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All aboard the murder mystery express! Tickets please. Or maybe not…is this a film worthy of getting a cinema ticket? If you like crimes and the puzzles of solving them, then the answer to that would be a yes but it’s not an out and out success stalling like the snow-struck train from time to time.

Hoping for a break between detecting cases, Hercule Poirot (Kenneth Branagh) lands a spot on the Orient Express where he meets a whole host of fellow travellers. He wishes to keep himself to himself but a shady passenger on-board by the name of Ratchett (Johnny Depp) only gets himself murdered, meaning Poirot must step up and deduce who the killer is before the train is back on the tracks and at its next station.

I’ll begin with the positives, the hustle and bustle of Jerusalem to set the scene and more importantly the smarts of Poirot was a good introduction even if I worked out who the culprit was before the film revealed so. There’s a beautiful uncut tracking shot that follows the Belgian detective and Bouc through the departure platform, it continues wonderfully alongside the train as Poirot walks through the carriages. Also the characters initially coming together to board the train is a grand introduction and that’s simply because it’s such an incredible cast the film has garnered.

Patrick Doyle’s score bubbles away nicely, providing a suitable unease and tense quality to the entrapping confines of a derailed train. The music is something that builds that sort of perfect comfy Sunday afternoon TV crime drama atmosphere. That’s the general feel throughout, it’s obviously very cinematic at times but the story itself adapted from Agatha Christie’s novel is a safe one, arriving with that old timey classic storytelling that is presented in a way that wouldn’t be amiss on the stage.

Kenneth Branagh directs his one location set cast well, the story keeps chugging along nicely but I never felt a true sense of threat or eagerness to uncover the killer. Also putting himself front and centre is a decision I could have done without, yes he’s a darn fine actor as the mustachioed detective but it would have been interesting to see someone else play the role but I guess he enjoys the power/thrill of being an actor/director darling!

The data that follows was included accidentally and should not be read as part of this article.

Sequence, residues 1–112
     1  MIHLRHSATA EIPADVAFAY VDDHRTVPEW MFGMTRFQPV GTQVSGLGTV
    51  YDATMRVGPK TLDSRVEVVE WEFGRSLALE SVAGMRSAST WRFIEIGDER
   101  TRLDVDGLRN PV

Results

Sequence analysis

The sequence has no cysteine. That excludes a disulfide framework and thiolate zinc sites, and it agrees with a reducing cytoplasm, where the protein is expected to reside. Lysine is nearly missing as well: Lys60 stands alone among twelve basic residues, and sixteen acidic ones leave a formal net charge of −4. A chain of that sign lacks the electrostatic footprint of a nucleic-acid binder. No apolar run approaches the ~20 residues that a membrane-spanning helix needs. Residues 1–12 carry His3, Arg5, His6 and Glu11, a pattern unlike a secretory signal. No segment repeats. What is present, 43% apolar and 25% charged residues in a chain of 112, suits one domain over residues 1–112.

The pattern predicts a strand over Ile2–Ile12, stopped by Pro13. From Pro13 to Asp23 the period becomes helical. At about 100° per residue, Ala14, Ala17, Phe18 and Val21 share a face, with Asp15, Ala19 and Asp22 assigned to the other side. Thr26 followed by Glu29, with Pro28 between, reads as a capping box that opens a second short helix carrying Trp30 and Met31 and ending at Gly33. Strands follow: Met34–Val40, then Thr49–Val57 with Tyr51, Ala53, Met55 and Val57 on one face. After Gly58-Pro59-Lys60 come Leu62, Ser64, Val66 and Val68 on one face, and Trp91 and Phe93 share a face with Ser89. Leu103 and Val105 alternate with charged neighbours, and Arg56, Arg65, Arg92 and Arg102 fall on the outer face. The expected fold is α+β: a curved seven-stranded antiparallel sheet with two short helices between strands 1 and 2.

There are a good many mini interviews throughout the journey but because it is such a big cast of players that having all these characters doesn’t help the mystery plot so much. There is a lot to tackle, a lot of personalities and a lot of do they/don’t they motivations. I felt there never was enough time in the movie to really let the audience know enough of anyone to truly make educated assumptions. I just sat back and watched because there wasn’t enough detail scattered amongst the narrative to try and make guesses. Also very near the beginning there’s a brief character conversation that alludes to the true nature of everything anyway.

Amongst the talented cast is Michelle Pfeiffer who has the strongest and largest role out of the ensemble. She is captivating and in a smaller but no less significant way so is Daisy Ridley who gets a bigger chunk of acting scenes than some of the others. Judi Dench and Olivia Colman are almost criminally underused. Josh Gad makes me hate Olaf a little less as his irritating snowman voice is less present and his role of MacQueen is an interesting one to follow. Johnny Depp is that typical smarmy charmy crook, in the same vein as his turn in ‘Into the Woods’ he simmers with a bad taste in the mouth which works for his character. Also underused are Lucy Boynton and Sergei Polunin who have a brilliant scene with Branagh but never do anything else. This can be said with Penelope Cruz and Willem Dafoe who are great actors but don’t get a chance to shine. It’s like the Avengers on a Train which feels apt considering the final moments of the film clearly setting up what I’m coining The ChristieVerse. It seems cinema isn’t safe from everything turning into a sprawling universe of sequels.

A very old fashioned kind of movie, even with the zippy CGI and confident Branagh overseeing proceedings. It’s a shame that the movie with a magnificent cast and potential of intriguing 12 suspects never grabs you and pulls you along like it should.

6/10